As I grew older and approached the final few years in the bubble-like environment that my school inevitably created for me, I began experiencing the disadvantages of being in such a secluded environment for such a long period of time. I realized that I had never been in situations where my ideas were truly challenged, or even in many situations where I wasn’t constantly surrounded by those who looked and thought like me, for that matter. I had an implicit understanding of the fact that my marginalized identities — being Arab, Muslim, Palestinian and a child of immigrants — were discriminated against, and carrying these identities meant battling a greater enemy, but it was an enemy that I wasn’t necessarily exposed to constantly. The homogeneous demographic at my school made it so that I was not directly exposed to this discrimination. This led me to undergo a great culture shock when I started my freshman year at the University. I was taken aback by the abrupt change in environment. For one, coming from a class of barely 35 kids to being in such a large academic setting was intimidating to say the least. But I started to become hypervigilant of things that I had never paid any attention to before. Upon joining a class (virtually of course), I would find myself scanning the names on my screen to see if I was the only Arab or “ethnic” student. As cameras would come on, I would scan for other hijab-wearing women like myself. I found myself feeling like I needed aspects of the environment that I left behind to feel comfortable with where I was now. 

I felt more Arab than I ever had before in the face of the predominantly white university I attended, like I was the odd one out in a sea of people who were all the same. Comparing myself to other students of color that I knew only intensified this feeling. They felt a lot more westernized than me, from the ways that they described their family dynamics, having been similarly raised by ethnic parents but ones who were born in the U.S., to the way that they preferred salads over the tabeekh, home cooked meals that I was used to having regularly, and even the way they spoke with rigid Rs rather than rolled ones. I wasn’t sure if I had some sort of catching up to do. Thoughts of whether or not I was “too Arab” for the white society I was in plagued me, but conversely, the thought of ever forcing myself to assimilate made me sick to my stomach. I found myself constantly feeling like I had to fight a battle of balancing my Arab-ness and my American-ness to fit the environment I was in.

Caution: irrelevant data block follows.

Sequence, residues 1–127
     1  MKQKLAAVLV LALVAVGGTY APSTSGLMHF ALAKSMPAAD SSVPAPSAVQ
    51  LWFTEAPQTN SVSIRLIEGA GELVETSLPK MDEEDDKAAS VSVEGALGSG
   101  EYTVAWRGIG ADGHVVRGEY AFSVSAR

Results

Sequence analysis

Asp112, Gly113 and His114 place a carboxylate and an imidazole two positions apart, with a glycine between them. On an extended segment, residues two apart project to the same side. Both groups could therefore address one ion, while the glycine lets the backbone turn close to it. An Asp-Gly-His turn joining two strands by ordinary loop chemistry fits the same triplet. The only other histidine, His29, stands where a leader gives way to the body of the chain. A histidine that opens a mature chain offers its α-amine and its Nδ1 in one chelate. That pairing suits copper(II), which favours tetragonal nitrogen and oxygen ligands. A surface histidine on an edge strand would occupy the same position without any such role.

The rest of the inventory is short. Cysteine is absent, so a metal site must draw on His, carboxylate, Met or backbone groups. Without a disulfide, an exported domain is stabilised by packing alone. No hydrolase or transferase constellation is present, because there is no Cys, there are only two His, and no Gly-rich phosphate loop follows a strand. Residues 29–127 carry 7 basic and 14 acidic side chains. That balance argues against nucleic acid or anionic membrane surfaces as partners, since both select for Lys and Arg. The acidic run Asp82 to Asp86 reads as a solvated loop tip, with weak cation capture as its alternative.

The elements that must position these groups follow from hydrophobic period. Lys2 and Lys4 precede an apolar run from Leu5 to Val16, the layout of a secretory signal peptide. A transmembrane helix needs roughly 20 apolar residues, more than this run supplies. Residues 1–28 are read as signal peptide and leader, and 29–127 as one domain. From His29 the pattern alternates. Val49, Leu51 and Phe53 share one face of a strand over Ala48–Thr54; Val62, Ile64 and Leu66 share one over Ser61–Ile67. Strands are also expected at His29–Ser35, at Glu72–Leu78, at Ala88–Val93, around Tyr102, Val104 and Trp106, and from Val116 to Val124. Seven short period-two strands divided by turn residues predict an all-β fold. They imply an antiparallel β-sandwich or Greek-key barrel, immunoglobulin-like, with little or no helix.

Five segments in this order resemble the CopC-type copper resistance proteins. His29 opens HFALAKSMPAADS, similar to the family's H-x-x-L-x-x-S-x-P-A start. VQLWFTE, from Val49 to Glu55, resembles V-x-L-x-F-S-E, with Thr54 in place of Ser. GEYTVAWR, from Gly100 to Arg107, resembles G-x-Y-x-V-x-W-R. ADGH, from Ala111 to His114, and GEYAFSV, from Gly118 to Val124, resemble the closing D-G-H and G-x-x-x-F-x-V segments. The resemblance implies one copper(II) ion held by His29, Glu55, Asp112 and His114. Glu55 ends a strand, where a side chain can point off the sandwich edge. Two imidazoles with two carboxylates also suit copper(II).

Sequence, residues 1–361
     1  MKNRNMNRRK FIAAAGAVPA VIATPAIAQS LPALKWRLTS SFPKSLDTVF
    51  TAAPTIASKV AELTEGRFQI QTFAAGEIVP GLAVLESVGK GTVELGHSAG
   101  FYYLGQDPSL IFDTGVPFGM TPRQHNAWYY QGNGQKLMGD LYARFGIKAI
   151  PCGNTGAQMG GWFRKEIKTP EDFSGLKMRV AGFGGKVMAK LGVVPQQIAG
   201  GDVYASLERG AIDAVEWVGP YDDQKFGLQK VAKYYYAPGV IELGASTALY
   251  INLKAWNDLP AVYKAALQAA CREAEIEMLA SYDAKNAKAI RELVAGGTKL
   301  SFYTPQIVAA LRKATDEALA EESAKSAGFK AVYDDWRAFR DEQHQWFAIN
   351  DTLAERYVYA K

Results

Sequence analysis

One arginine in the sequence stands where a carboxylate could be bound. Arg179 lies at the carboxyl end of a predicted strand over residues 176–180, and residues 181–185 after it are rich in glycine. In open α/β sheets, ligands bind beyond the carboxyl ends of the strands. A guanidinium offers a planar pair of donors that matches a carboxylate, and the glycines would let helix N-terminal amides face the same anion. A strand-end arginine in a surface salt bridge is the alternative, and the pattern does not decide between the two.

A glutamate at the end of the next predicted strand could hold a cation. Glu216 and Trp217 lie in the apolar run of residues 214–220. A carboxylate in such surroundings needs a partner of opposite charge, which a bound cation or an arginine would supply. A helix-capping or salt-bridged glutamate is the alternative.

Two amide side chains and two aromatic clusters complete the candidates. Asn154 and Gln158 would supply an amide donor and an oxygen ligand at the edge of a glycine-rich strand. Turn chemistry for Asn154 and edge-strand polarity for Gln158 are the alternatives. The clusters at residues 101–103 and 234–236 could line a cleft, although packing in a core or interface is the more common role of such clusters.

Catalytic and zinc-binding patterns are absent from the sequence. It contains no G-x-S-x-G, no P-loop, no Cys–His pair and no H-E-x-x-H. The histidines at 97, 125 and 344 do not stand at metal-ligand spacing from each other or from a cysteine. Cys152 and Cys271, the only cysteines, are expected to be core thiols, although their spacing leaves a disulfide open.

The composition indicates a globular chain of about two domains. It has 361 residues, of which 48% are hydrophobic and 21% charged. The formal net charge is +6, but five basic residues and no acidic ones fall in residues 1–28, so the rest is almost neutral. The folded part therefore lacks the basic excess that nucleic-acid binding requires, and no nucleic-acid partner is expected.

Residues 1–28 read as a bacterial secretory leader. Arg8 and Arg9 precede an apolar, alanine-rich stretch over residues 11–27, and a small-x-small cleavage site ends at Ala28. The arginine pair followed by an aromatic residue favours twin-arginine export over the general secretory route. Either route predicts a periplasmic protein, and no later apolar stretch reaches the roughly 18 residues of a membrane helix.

Confronted by the abrupt reality of my otherness, I had to remind myself that it is through my Arab identity that I find the most comfort. Thaqafa, culture; qoowa, strength; thiqa, confidence; and many more are all Arab values that were instilled in me from birth and reiterated through my bilingual upbringing. Speaking Arabic everyday reminded me of these values and the community that I associate them with. It forced me to find clarity in what felt like a world of chaos, and realize that it is these values that ultimately shape the lens that I approach my world with. My upbringing, my experiences, my language and my culture all contribute to what influences my values and outlook on life. They make me, me. Experiencing these hardships made me take a step back and reanalyze all of these facets to truly see the ways they play into the way I live my life. 

Having just finished my first year in college, and being further on my path to claiming Michigan’s academic and social environment to be one that I feel as though I fully belong in, I can say that I have a newfound appreciation for these feelings. Being challenged and rediscovering the value of something that I have taken for granted allowed me to redevelop a sense of gratitude for my mother tongue, and I strive to carry this appreciation wherever I go. Bilingualism is not simply about speaking another language; rather, it entails immersing oneself in a completely different perspective on life, and I am a living testament to its unwavering weight, pull and influence. 

MiC Columnist Reem Hassan can be contacted at